In Nepal you can take your pick of three New Year celebrations. Lhosar is the New Year of the Sherpas and Tibetans celebrated on 5 March next year, Navavarsha is observed as the official Nepali New Year, which falls on 4 April in 2011, and as Intrepid Express reader Christine Ireland discovered, 31 December is also a wonderful time to be in Nepal…
“The New Year’s Eve street festival held lakeside in Pokhara is a time I will always remember. The street is alive with coloured lights, crisscrossing amid the tangle of electricity wires. Smells of hot curry, momos and sweet spices waft and mingle through the evening air, tempting one to sit and watch and drink in the festive atmosphere.
Much more than a break from work, a holiday has the power to change your life, writes Cayla Dengate in MX Escape…
In the shell of a destroyed Sri Lankan hotel, three surfers join the circle of Buddhist monks as they start a prayer ceremony.
It’s one year after the Boxing Day tsunami, which killed more than 3500 people. The monks are saying a requiem for the dead and a blessing for those who continued to live there. “We all sat in a circle with our hands in prayer position and the monks wound a long length of red string between all of our palms,” Keith Barnes, 29, of Sydney, remembers.
Fiona Hilliard is a travel writer and blogger from Dublin, Ireland. She counts Mexico as one of her favourite travel destinations and regularly provides Mexico travel advice for Argus Car Hire’s Glove Box blog. Here she shares her memories from her recent Mexico Unplugged Intrepid trip:
“Ok…he says to watch out…there’s a sharp turn coming up…! We clutch the sides of the rickety wooden carriage and get ready to be thrown every which way.
Over the course of our trip, our guide has taken on many different roles. This afternoon, he’s translating for the gap-toothed driver in charge of our horse. We are in Cuzama, on our way to visit some of Merida’s most famous sink holes.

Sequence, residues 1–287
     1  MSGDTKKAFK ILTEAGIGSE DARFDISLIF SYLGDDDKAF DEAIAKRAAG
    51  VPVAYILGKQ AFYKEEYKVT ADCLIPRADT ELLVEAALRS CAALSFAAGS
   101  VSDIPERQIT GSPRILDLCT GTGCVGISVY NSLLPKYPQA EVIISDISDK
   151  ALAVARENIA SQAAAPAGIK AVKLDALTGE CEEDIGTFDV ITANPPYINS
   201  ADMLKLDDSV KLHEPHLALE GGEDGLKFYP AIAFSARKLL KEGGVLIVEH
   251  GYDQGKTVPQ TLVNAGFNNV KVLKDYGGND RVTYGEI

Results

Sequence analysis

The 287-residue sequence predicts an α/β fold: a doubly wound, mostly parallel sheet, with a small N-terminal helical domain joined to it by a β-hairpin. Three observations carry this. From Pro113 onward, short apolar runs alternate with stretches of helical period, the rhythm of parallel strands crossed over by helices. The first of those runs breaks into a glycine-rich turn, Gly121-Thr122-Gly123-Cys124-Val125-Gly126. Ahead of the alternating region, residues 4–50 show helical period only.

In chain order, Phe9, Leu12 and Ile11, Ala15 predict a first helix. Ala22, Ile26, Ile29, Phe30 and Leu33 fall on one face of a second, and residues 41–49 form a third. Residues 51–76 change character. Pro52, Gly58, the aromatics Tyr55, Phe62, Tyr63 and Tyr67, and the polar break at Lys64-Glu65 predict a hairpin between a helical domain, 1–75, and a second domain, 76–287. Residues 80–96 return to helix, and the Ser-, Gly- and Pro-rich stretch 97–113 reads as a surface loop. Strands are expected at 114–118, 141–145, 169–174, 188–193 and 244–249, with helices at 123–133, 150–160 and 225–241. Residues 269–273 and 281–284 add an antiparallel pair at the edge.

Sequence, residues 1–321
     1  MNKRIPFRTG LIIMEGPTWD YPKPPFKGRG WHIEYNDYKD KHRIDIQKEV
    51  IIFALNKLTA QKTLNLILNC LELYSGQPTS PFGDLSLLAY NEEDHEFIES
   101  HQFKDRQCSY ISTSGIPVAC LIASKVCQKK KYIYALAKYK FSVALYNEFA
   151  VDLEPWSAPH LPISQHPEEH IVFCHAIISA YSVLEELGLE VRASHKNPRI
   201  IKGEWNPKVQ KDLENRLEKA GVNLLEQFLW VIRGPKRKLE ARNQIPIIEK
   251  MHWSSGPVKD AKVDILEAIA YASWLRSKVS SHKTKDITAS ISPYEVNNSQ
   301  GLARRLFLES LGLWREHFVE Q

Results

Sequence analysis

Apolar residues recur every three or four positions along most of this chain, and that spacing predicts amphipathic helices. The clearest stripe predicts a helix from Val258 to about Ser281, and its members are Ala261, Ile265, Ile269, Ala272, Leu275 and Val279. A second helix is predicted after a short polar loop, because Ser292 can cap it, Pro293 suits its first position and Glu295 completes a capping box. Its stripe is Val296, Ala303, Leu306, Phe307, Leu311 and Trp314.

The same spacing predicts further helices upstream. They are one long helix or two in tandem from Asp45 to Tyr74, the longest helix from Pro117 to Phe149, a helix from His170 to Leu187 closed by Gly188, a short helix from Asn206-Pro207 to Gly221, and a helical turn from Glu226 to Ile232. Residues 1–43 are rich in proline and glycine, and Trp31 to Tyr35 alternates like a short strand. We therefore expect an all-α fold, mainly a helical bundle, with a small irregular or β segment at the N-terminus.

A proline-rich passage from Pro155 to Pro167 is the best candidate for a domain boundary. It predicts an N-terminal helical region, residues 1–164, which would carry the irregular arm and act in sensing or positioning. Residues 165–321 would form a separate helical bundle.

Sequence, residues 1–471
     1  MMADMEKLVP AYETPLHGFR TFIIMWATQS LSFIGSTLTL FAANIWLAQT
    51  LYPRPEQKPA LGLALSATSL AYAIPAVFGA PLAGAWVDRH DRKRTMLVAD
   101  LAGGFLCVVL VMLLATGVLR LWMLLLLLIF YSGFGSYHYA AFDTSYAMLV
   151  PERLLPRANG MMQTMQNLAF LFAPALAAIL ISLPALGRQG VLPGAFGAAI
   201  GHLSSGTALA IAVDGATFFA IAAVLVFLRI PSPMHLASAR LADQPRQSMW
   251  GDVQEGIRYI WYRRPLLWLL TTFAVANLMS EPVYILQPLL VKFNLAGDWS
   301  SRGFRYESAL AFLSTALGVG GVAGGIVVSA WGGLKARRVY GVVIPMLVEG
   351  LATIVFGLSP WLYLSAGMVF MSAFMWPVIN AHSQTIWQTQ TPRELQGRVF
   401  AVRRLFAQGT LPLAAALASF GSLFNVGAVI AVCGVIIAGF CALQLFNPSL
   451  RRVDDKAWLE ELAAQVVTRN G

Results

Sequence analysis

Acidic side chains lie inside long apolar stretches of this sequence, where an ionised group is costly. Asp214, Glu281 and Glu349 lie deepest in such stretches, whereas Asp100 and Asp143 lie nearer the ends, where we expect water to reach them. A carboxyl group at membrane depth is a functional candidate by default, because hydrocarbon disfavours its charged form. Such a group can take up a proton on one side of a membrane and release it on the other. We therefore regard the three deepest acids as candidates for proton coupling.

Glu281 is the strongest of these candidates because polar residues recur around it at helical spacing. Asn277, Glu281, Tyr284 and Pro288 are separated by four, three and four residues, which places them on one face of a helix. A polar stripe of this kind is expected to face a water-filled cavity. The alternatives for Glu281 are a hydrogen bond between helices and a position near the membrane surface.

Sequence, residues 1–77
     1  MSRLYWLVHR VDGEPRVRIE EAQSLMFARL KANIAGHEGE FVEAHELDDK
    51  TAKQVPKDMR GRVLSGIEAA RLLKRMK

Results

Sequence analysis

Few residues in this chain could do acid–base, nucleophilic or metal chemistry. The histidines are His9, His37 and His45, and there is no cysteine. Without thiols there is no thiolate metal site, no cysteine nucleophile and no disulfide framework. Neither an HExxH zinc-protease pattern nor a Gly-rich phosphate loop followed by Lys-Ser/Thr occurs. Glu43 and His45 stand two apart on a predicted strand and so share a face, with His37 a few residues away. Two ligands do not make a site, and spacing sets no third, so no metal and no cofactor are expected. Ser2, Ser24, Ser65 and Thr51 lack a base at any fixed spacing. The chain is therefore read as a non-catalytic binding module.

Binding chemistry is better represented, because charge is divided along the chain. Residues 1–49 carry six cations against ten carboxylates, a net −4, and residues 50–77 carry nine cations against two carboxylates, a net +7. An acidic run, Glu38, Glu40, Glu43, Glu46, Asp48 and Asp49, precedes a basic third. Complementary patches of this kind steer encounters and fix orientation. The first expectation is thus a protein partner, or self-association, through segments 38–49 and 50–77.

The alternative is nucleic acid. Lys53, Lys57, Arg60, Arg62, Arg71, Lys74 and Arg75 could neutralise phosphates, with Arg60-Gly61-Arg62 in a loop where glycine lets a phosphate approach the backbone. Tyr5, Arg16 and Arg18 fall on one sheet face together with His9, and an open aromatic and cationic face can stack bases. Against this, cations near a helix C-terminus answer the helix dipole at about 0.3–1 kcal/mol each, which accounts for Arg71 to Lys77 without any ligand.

You’ll be amazed what you can achieve in a day in Buenos Aires. Intrepid’s Cassie Harrex clocks in for a fantastic 24-hour city experience…
“8am – Cafe Tortoni: Start your day at the country’s oldest and one of the city’s most beautiful cafes. Grab a copy of the daily Buenos Aires Herald and linger over breakfast.
9am – San Telmo Market: Call by this antique market in Plaza Dorego. Shop for some jewellery, barter over trinkets, admire a tango street show or find a cafe to people watch.
Imagine living surrounded by sparkling tropical waters, but having no source of fresh water to drink. Imagine losing your crops in your garden, because the sea water keeps washing through. This situation has become all too familiar for the 2,500 Carteret islanders, living in the Bougainville province of Papua New Guinea.
Through The Intrepid Foundation, we have been supporting the Australian Conservation Foundation’s Asia-Pacific Program and their work with the Carteret peoples. The Carteret communities live a low-carbon lifestyle and yet they are bearing the full force of climate change. Coral atolls are geologically dynamic, but extreme weather events consistent with climate change have been creating havoc.
What better way to beat the blues than join in a celebration where you wash away your woes and watch them sail into the night? On 21 November this year Thailand will light up for Loy Krathong, the festival that pays respect to Mae Khongkha (Mother of Waters) by floating candles and incense sticks in banana leaf boats, or in some regions makes an offering to Lord Buddha by sending lanterns into the sky.